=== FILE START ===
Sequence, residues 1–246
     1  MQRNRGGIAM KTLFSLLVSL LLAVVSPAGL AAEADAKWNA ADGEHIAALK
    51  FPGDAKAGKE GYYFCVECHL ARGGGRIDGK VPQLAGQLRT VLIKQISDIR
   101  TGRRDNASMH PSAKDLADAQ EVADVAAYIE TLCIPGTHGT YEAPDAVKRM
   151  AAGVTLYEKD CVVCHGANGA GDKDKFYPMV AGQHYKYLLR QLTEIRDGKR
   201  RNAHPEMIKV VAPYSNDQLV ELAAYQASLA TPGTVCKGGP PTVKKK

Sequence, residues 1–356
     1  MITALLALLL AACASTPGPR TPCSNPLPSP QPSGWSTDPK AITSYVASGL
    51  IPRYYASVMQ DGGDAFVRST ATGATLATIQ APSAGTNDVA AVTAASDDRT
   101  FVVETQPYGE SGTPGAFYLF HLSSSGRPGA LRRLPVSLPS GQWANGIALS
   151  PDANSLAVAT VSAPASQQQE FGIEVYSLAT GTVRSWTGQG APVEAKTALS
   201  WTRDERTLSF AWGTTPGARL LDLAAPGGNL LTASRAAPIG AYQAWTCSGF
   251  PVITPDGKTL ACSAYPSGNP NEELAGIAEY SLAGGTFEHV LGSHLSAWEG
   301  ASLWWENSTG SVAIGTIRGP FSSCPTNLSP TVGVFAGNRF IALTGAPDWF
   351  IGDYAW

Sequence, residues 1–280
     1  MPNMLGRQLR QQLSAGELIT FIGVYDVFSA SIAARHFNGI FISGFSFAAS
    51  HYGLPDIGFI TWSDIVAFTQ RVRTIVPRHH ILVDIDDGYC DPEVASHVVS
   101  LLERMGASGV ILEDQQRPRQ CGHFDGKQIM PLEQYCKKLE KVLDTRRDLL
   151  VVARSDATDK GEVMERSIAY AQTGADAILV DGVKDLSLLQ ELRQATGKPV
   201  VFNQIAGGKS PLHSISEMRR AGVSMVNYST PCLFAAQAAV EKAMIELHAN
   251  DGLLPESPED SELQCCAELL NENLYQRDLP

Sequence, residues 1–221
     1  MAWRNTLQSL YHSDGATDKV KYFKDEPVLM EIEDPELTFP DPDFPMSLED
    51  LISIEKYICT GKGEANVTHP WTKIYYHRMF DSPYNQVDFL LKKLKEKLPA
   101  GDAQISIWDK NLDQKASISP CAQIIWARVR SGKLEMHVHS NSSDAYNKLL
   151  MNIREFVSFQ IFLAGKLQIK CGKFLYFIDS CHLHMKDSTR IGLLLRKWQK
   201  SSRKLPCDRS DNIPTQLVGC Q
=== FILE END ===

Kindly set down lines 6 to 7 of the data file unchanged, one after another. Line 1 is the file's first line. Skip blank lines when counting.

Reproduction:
   201  RNAHPEMIKV VAPYSNDQLV ELAAYQASLA TPGTVCKGGP PTVKKK

Sequence, residues 1–356